Evidence in racketeering case is flimsy: Lawyer

2016-01-06 12:31


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San Francisco - An attorney for a man accused of murder and racketeering in a San Francisco Chinatown organised crime investigation has railed against federal prosecutors for using what he called secret surveillance and shady witnesses.

Tony Serra, lead attorney for defendant Raymond "Shrimp Boy" Chow, said in his closing argument that the prosecution case was built on "shadows of evidence...the echoes of evidence."

Life of crime

Chow was charged in an investigation involving an undercover federal agent posing as a member of an East Coast crime syndicate.

Chow took the witness stand during the trial, saying he was innocent of the charges and had previously renounced his life of crime.

Prosecutors have accused Chow of taking over a Chinese fraternal group with criminal ties after having its previous leader killed and running an enterprise that engaged in drug trafficking, money laundering and sales of stolen cigarettes and alcohol. He is also alleged to have conspired to kill another gang rival.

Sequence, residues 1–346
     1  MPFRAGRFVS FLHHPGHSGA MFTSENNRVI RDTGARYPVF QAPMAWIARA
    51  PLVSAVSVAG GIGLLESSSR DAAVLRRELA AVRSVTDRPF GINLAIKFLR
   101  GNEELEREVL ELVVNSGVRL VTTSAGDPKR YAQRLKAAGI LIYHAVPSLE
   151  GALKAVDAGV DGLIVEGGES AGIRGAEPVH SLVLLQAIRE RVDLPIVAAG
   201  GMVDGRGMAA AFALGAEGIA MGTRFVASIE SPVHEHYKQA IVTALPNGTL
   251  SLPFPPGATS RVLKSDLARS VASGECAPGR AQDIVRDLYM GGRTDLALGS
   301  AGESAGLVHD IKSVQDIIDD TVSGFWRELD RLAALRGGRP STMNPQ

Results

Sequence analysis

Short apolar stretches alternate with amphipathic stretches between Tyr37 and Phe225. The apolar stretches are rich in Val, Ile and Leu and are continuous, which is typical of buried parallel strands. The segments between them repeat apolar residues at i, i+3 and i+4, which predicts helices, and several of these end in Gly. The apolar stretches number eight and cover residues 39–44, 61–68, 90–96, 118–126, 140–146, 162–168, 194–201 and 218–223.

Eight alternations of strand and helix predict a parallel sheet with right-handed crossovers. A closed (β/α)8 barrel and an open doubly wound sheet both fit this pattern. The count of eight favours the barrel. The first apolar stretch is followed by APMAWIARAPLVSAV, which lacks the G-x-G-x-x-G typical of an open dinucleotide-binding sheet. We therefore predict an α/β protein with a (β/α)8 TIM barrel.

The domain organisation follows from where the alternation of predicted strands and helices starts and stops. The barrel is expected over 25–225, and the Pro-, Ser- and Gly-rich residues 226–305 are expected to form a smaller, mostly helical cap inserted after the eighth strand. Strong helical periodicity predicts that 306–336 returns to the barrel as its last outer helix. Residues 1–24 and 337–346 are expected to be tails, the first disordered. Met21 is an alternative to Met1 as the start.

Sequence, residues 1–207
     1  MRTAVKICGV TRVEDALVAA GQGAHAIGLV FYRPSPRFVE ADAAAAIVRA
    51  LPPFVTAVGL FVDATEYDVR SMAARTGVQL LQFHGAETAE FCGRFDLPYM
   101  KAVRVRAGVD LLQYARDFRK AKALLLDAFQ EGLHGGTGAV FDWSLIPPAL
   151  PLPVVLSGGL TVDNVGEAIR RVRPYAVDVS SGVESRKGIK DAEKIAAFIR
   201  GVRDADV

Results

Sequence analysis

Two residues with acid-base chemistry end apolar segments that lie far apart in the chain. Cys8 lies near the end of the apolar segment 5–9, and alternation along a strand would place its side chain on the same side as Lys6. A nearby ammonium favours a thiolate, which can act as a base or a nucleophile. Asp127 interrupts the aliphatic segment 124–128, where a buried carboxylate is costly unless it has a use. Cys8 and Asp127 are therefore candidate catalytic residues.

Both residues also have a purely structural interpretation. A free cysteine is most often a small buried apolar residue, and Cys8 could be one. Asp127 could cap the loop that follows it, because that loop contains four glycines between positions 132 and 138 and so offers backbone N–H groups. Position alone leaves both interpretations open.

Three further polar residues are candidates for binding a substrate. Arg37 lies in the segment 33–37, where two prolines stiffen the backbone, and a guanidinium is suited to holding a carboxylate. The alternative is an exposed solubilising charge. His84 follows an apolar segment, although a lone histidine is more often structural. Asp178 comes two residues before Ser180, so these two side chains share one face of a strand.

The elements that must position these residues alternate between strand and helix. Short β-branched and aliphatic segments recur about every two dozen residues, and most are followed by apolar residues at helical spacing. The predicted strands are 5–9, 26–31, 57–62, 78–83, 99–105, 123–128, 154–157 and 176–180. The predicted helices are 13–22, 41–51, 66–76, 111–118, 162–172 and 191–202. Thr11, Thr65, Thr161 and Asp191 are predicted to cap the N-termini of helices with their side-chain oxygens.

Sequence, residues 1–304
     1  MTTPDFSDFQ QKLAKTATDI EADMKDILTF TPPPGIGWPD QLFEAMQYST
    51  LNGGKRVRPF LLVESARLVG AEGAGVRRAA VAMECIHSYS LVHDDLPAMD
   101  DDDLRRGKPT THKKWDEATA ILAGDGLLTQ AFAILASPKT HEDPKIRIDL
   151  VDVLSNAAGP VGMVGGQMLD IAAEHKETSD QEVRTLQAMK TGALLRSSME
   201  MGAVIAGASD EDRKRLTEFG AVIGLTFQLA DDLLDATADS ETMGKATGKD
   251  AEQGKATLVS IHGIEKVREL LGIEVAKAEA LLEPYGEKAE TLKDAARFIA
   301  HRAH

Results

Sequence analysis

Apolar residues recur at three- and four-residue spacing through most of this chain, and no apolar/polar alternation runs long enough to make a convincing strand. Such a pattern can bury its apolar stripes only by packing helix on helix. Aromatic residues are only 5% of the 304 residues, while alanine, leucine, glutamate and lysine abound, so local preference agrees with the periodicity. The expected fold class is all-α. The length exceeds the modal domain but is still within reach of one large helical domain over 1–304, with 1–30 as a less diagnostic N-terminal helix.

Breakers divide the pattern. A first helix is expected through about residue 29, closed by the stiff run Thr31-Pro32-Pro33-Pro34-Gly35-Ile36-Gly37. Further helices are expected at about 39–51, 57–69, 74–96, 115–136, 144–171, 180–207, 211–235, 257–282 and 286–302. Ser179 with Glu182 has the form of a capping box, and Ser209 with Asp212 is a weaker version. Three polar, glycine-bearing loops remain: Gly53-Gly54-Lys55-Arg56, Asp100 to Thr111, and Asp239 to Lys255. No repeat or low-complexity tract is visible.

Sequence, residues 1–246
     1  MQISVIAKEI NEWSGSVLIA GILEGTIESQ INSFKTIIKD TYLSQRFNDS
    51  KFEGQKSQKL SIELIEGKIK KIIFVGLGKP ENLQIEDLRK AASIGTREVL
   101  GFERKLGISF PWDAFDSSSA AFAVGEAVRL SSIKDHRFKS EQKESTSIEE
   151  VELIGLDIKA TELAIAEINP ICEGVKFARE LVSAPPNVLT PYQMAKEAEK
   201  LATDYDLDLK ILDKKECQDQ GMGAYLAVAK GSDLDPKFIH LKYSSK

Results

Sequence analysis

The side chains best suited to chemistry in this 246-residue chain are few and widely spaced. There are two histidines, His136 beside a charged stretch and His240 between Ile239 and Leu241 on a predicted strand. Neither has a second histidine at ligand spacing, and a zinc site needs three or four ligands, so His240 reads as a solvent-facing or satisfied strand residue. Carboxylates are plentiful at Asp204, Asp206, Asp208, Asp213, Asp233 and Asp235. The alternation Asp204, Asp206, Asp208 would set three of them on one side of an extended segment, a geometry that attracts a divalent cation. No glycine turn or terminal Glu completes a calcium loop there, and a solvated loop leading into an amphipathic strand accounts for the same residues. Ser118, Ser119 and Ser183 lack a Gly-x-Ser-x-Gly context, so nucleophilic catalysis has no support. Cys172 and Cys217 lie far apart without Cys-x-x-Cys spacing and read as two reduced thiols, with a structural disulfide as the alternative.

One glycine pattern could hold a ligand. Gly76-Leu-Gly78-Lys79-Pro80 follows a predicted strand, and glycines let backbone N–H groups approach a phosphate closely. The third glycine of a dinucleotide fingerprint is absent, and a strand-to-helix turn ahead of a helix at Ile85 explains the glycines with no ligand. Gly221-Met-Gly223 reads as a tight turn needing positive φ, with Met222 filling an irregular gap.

Serra - a flamboyant and well-known defence lawyer - derided the prosecution's evidence as flimsy, saying it was based on secret recordings and shady testimony from Chow's former colleagues.

"These are snakes," he told jurors. "Would you believe a talking snake? You will not...no one will."

During her closing argument in the courtroom of US District Judge Charles Breyer, federal prosecutor Susan Badger urged jurors to disregard claims that Chow was a changed man, saying deception was part of his nature.

Money launderers

"He is not the victim here," Badger said during her nearly four-hour presentation. "He is not the world's most misunderstood criminal."

The undercover FBI agent testified that he spent hours with Chow and people connected to him at fancy restaurants and nightclubs, recording many of their conversations.

The agent, who testified under a pseudonym to protect his identity, said Chow tried to distance himself from any criminal activity during the probe but repeatedly accepted money after introducing the agent to money launderers.

The probe led to the indictment of more than two dozen people in 2014 and the racketeering conviction of state Senator Leland Yee.

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